Matt Letten, who traveled from Michigan to attend the rally, says he was insulted Paul wasn't given more prominence during the Republican convention.
"We did what we did, and we're not just going to sit there and let them walk all over us," he said, adding, "With the money we raised, Ron Paul should have had a speaking role."
Still, though his invitation to party with the GOP seems all but lost in the mail, Paul won't throw his support behind former Georgia Republican Bob Barr running on the Libertarian ticket, who stopped by the rally to court Paul's gathered supporters.
"Our movement has, generally speaking, wanted to stay and build in the Republican Party," Paul said, adding that ideals of limited government and noninterventionist foreign policy are, at heart, Republican.
Outside the arena, Barr told ABCNews.com, "Ron Paul supporters are looking for somebody in the general election ... that they they can support because that person stands for the same freedom agenda that Ron Paul does and that's Bob Barr."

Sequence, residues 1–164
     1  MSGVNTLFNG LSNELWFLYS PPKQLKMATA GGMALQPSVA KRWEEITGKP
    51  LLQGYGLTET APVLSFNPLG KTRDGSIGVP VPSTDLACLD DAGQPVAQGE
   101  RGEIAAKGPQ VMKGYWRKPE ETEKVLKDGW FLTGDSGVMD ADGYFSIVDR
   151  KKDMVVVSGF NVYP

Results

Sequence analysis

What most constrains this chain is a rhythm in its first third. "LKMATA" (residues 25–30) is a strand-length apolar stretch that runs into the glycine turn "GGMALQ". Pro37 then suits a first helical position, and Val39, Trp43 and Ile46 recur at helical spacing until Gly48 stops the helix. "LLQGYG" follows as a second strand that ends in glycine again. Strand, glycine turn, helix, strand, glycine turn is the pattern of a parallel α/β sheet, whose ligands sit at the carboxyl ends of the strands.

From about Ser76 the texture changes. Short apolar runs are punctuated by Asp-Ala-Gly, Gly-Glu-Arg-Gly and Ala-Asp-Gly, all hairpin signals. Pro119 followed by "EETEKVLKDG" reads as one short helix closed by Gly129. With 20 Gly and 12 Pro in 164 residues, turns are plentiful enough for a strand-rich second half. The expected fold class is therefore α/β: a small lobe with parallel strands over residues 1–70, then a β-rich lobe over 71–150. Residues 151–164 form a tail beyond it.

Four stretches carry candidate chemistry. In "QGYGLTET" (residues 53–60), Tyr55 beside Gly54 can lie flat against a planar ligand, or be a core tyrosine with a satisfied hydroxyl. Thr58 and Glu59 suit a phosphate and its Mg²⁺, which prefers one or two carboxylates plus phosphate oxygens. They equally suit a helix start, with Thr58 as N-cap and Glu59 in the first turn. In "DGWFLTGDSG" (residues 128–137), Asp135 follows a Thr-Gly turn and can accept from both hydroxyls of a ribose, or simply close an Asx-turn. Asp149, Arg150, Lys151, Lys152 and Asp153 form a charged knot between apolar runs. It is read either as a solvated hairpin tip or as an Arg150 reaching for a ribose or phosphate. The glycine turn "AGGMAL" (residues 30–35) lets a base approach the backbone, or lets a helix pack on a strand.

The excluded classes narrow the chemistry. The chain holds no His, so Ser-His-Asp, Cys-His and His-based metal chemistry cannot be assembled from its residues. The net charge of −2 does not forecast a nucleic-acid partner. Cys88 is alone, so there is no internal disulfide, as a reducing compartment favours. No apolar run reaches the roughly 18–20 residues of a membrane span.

Paul said he hopes his rally will lead to candidates from both major parties talking about the issues that are important to him -- foreign policy and monetary policy, the latter of which he thinks there is just plain too much government involvement, but which he says is ignored by both parties during the campaign.
"They don't even talk about it, and yet this is something we have been talking to young people about," he said.
Paul said he hopes his "revolution" to, according to a T-shirt draped across the podium from which he spoke, "bring the GOP back to its roots," will grow beyond the presidential election.
"If we're worth our salt and our ideas mean anything, this revolution will continue to gain momentum," he said.
ABC News' Lindsey Ellerson and Karen Travers contributed to this report.